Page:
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Old 12-10-2012, 08:50 PM
spetznaz spetznaz is offline
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Oil Filter Housing replacement

Quote:
Originally Posted by Sabini View Post
Just had the same fix. Did not have to pull the front end off though. Moved the manifold to the side and was able to have access to the 4 bolts securing the housing. Took about 4 hours.
Sabini,

Just had these issues diagnosed on my gf's car at the dealer: cracked thermostat housing and leak at the oil filter housing. The dealer wants 2k for the repair cause the car is out of warranty so i'm thinking i'd rather spend a weekend doing this. I've checked the Chilton manual and a few write ups here and seems the thermostat housing is pretty straight forward but just time consuming.

However, the dealer said he would charge me for the catalytic converter gaskets top and bottom so i'm a little confused. You say in your post that you just moved the manifold out of the way? I'm assuming they want to take it off to make things easier? Do you access from top or bottom? The exhaust manifold is hard pipe so how can you move it out of the way?

Sorry for the silly questions but the car is still at the dealer (going to pick up tomorrow) and i've never looked under the hood on the mini...

thanks,

Spetz
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Old 12-11-2012, 10:01 AM
Sabini Sabini is offline
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My issue was the gasket between the housing and the cylinder head, make sure if you are replacing the housing that you get a new set of gaskets. (2 for this part).

You are going to remove:
  • cylinder head cover
  • the header bolts (1 of which is a real *****, will take some time, dont let it fall down between the pipe and the heat shield)
  • the coolant reservior bolt, and move that over to the right towards the relay box
  • the A/C refilling valve will have a bolt, and needs to be moved all the way to the left, without compromising the tubing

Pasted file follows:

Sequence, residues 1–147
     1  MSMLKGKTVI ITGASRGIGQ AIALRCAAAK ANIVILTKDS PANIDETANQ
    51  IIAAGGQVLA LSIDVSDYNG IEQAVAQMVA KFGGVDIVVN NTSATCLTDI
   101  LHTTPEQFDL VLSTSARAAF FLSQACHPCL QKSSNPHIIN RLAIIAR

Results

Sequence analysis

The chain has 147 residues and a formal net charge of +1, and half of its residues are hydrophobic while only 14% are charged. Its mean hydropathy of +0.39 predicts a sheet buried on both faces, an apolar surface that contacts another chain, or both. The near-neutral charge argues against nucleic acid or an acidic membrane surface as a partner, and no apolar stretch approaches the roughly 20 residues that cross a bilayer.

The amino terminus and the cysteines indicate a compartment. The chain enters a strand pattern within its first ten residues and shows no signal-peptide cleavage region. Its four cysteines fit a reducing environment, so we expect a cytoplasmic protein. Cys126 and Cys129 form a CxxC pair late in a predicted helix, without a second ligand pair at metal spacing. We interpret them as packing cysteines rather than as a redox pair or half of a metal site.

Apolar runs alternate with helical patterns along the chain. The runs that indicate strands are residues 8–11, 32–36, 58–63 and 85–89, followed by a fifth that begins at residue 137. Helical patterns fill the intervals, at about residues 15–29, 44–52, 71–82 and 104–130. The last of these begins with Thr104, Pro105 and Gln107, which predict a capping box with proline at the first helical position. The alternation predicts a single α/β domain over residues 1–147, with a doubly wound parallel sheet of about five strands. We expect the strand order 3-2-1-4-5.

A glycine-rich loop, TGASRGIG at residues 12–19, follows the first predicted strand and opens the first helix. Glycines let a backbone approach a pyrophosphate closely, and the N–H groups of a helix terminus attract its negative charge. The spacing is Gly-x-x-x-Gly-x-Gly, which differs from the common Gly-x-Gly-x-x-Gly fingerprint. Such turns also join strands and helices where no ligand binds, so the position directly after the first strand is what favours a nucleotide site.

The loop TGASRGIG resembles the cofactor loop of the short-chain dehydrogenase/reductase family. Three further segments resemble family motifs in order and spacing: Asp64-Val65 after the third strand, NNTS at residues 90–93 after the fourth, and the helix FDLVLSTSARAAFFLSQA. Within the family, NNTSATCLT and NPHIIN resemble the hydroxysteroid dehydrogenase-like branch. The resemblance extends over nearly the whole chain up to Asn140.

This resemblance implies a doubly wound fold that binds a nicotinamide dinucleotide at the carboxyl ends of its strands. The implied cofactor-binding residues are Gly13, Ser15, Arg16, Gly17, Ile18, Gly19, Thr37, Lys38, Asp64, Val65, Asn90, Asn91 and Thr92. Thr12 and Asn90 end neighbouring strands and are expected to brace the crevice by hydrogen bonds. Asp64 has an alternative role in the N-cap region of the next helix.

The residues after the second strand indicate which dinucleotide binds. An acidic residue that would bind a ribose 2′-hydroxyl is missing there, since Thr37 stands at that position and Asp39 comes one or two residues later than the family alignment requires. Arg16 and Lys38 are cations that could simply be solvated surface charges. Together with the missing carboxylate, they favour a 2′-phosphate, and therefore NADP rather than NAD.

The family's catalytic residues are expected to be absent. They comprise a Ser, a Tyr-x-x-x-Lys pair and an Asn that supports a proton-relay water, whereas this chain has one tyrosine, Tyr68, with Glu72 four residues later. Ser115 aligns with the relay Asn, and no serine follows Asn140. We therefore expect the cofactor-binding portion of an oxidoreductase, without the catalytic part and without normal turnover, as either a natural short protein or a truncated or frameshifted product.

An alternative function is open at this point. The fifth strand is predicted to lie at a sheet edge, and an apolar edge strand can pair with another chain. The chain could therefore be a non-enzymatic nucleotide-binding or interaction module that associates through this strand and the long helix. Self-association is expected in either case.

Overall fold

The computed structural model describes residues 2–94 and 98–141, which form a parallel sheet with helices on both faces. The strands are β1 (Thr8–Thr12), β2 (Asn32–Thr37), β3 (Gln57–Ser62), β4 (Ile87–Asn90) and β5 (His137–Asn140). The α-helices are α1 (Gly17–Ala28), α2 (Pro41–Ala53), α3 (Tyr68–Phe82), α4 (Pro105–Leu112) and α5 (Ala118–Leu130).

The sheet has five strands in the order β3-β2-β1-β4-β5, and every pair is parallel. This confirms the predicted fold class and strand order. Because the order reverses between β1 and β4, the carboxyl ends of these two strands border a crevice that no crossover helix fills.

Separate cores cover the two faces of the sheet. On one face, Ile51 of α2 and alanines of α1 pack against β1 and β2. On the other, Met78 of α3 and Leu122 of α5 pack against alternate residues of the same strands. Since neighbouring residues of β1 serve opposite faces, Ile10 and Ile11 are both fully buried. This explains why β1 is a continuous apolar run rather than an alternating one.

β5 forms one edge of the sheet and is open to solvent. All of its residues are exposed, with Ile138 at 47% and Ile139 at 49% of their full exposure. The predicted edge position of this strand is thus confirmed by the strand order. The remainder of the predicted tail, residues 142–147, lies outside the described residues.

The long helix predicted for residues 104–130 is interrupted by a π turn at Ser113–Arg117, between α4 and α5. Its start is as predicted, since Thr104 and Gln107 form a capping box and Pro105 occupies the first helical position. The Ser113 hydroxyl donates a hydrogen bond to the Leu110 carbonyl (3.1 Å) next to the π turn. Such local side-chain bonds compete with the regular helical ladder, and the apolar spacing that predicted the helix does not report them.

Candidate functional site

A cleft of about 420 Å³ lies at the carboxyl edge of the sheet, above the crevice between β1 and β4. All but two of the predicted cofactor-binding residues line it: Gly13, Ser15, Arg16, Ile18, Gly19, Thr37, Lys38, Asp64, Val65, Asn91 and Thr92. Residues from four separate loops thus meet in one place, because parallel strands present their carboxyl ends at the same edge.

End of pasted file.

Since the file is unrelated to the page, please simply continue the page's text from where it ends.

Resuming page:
• the heat shield for the header and downpipe will need several bolts removed. This part is really crucial, because this will determine how much room you will have to move the header and downpipe in the same direction the A/C refill valve connection was/will be
  • before you can move the exhaust assembly you will have to get under the vehicle. (raise it up and support it), at this point there are 2 larger bolts securing the lower end of the downpipe/cat which are again obstructed by the heat shield which follows the length of the downpipe, you will spend a boat load of time here, once the bolts are removed securing the heat shield, you will have to manipulate the shield to gain access for your wrench to fit on the retaining bolts for the catalytic conv. This is a very slow and strenous process, you will regret getting started but if you persevere you can finish it.
  • loosen the clamp which holds the bottom of the down pipe to the resonator. This again will be interesting, since both are flared and the clamp is countoured to fit over the coupling of the two. (recommend a lubricant/thread loosener for the clamp bolt)
  • once you have separated the resonator and the downpipe, the entire header/downpipe/cat assembly will freed up in order for you to find the most optimum position whereby the bolts for oil filter housing will be more accessible. Please notice that you will still not have total unobstructed access to the bolts, but you will be able to feel with your hand and have enough room to remove them.
I do want to make it clear, that this project was quite demoralizing. I have spent a lot of time doing much more involved repairs and this one really tested my patience and dexterity.

If you only do your basic oil changes, brakes, shocks and never done more involved jobs, I recommend that you do not waste your time and your girlfriend's on this. It would not be fair to her car.

Sorry for the length, there might be other minute details that I might have forgotten, but having experience really will be the only thing that will enable you to accomplish this fix.
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Old 12-11-2012, 10:30 AM
spetznaz spetznaz is offline
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Quote:
Originally Posted by Sabini View Post
My issue was the gasket between the housing and the cylinder head, make sure if you are replacing the housing that you get a new set of gaskets. (2 for this part).

You are going to remove:
  • cylinder head cover
  • the header bolts (1 of which is a real *****, will take some time, dont let it fall down between the pipe and the heat shield)
  • the coolant reservior bolt, and move that over to the right towards the relay box
  • the A/C refilling valve will have a bolt, and needs to be moved all the way to the left, without compromising the tubing
  • the heat shield for the header and downpipe will need several bolts removed. This part is really crucial, because this will determine how much room you will have to move the header and downpipe in the same direction the A/C refill valve connection was/will be